Over the teeth-rattling crash of shotgun blasts, Jeff Munter couldn’t explain why he loves trapshooting.
He didn’t say that it’s the fastest-growing high school sport in the state, with more participants than hockey.
He didn’t explain that the sport is co-ed, or that it is safe, with no concussions or torn-up knees.
All he could shout, in the middle of a Tartan High School practice, was, “It’s growing because people realize that it’s awesome!”
His 23-shooter team is one of 343 teams statewide, and evidence of the booming popularity of the sport. The Minnesota Clay Target League, which manages teams and tournaments, is only 9 years old and already has 11,000 participants.
The Tartan team from Oakdale — along with high school teams from Stillwater, Hill-Murray in Maplewood and North in North St. Paul — practices at the Oakdale Gun Club in Lake Elmo. To keep up with growing demand, in 2016 the club increased the number of five-person shooting ranges to three from one.
“The sport just blossomed,” said Ted Nemetz, the club’s trap director.
Unlike other sports, trapshooting doesn’t require stamina or strength. Girls and boys compete side-by-side. It’s open to people with disabilities who are shut out of other sports.
“It gives an opportunity to people who are not athletic,” said Tartan senior Zach Drayna, between rounds of shooting. “It’s more about nerves than anything else.”
During the season, teams shoot at their home gun ranges to rack up points. The teams never meet until the highest-scoring teams advance to state tournaments. This year the tournament will be in Alexandria, June 12-20.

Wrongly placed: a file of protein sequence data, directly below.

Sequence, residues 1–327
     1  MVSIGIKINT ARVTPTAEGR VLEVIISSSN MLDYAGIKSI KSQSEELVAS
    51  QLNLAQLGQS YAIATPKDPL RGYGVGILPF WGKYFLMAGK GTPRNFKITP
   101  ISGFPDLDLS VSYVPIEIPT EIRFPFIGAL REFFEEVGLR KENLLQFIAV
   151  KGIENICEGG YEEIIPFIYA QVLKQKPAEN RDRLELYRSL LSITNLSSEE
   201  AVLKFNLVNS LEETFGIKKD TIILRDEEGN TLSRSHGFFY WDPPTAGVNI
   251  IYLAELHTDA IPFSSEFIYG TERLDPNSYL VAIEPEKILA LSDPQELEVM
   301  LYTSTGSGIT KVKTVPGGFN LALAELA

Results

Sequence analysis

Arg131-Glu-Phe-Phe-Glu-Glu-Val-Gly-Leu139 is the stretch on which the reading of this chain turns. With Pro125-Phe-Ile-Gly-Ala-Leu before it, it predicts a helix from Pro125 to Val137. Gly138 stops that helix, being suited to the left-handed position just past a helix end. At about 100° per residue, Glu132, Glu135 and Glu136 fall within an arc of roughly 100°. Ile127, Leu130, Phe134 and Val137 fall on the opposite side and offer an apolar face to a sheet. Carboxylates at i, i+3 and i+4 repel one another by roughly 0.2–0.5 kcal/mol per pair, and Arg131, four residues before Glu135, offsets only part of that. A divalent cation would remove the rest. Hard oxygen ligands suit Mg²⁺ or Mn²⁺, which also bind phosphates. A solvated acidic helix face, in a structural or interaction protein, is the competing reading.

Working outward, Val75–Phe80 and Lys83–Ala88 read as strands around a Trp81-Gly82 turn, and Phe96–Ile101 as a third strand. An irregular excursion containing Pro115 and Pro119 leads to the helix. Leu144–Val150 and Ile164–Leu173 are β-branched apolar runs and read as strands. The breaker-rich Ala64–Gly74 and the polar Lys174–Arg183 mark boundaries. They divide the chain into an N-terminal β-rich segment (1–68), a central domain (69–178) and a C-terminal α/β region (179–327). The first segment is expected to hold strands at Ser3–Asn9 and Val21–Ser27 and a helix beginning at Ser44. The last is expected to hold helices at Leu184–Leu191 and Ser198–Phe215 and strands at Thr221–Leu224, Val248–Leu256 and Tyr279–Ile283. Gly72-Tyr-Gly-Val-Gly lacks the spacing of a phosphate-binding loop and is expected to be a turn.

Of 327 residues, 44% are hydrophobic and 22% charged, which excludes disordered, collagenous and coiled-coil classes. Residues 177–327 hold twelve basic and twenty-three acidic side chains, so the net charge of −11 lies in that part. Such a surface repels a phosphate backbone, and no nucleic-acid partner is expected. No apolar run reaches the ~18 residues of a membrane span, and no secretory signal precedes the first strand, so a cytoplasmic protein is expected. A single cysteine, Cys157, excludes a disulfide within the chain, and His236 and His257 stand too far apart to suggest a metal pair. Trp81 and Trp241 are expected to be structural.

The rapid growth has surprised almost everyone in the trapshooting world.
“It is crazy!” said John Nelson, vice president of the Minnesota Clay Target League. This year alone, he expects that 900 more teenagers will join the sport.
He said Minnesota is the launching pad for a national membership drive.
In 2012, Nelson said, outdoor superstore Cabela’s gave a grant to form the USA Clay Target League. That group has spread the sport to 15 states, he said.
Nelson said trapshooting is not considered a sport by the Minnesota State High School League in the same way that football, soccer, basketball are.
Those mainstream sports involve state-sanctioned referees and face-to-face competition.
Nelson said trapshooting is considered an activity more than a sport, similar to high school robotics. However, team members can letter in trapshooting, and the teams are usually recognized in yearbooks, he said.
HOW IT WORKS
At a recent practice, the Tartan team demonstrated how competition works.
In each trapshooting field, five shooters line up in a semicircle. When ready, the first shooter says “Pull!” and the bright-orange clay target sails up at 42 mph in a randomly selected pattern.
As the shooting progresses, red shell casings pop out of the guns and the salty-sweet aroma of gunpowder fills the air.
The shotgun pellets shatter the targets, and orange fragments rain down on the field. A scorekeeper watches from a pedestal.
Watching the practice, Tartan coach Ken Balfanz pointed out another reason the sport is popular — the best shooters and the worst compete side by side. There is no A team and B team.
Out of a possible 25 targets, he said, “We have kids who shoot in the single digits and kids who get perfect scores.”
Taking a break after a successful round of shooting, Tartan senior Munter said he wasn’t surprised to see the sport grow so quickly.
“It’s quite underrated,” he said, pulling out his orange ear plugs. “This is just a place to come and enjoy yourself.”